The war of bacteria: is it worth taking probiotics if you drink antibiotics?

The war of bacteria: is it worth taking probiotics if you drink antibiotics?

Everyone knows that antibiotics can badly affect the digestive tract. They kill the bad bacteria that cause the disease, but they damage the microbiome, the community of bacteria that live in the gut. Therefore, antibiotics are often recommended to be taken with probiotics. But is it really necessary?

The logic is simple: since there are fewer beneficial bacteria due to antibiotics, why not replenish their numbers with other drugs? But the problem is actually much deeper than it seems.

There is some evidence that taking probiotics can prevent indigestion – diarrhea. But out of 13 people who participated in the experiment, this helped only one. In addition, probiotics are not so simple!

Pros and cons

Recently, an interesting study was conducted in Israel. Participants were divided into two groups and given them an antibiotic. The first took probiotics from 11 colonies of bacteria for 4 weeks, the second took a placebo.

The results showed that in the first group the drugs worked, and colonies of bacteria populated the intestines. But at the same time, they prevented the normal restoration of the flora, with which there were problems throughout the entire six-month period of observation.

In the second group, the flora returned to its normal state three weeks after taking a course of antibiotics.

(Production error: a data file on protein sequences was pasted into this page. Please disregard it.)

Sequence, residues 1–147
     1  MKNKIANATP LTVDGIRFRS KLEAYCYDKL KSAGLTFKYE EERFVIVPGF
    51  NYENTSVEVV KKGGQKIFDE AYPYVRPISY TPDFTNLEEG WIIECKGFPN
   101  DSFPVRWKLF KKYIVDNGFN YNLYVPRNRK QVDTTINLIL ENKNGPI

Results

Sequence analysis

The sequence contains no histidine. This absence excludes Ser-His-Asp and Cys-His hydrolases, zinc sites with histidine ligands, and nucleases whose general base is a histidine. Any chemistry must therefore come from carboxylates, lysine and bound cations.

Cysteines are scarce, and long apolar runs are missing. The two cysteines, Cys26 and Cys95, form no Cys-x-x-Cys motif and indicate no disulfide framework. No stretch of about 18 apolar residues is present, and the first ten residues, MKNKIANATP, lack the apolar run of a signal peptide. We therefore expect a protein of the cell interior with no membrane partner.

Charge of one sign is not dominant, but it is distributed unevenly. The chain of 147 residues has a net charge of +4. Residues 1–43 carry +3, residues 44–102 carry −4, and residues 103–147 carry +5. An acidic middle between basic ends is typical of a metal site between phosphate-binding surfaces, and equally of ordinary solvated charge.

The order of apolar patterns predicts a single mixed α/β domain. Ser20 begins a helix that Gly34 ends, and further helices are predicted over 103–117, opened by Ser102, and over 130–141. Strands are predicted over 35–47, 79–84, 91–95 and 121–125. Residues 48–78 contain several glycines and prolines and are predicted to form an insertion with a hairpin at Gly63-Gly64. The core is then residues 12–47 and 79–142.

The study revealed a curious fact: we still do not know which bacteria are the most beneficial, what a healthy intestinal flora consists of. Thousands (!) Of different types of microorganisms work there, and each person has an individual set. Therefore, there is no single list of beneficial bacteria that would suit everyone.

Accordingly, it is impossible to guess which needs each.

Is there an alternative?

Yes, even if it sounds rather strange, but this scheme is becoming increasingly popular, and its effectiveness has been proven. Several participants agreed to freeze their stool before starting antibiotics, and then they put it back into the intestines. Fecal transplantation allowed the microflora to return to normal in 8 days instead of 21.

Another option is to feed beneficial bacteria with dietary fiber. These components pass intact through the small intestine and enter the thick intestine, where they undergo fermentation. So if you eat more vegetables, fruits and whole grains, then the bacteria will quickly return to normal.

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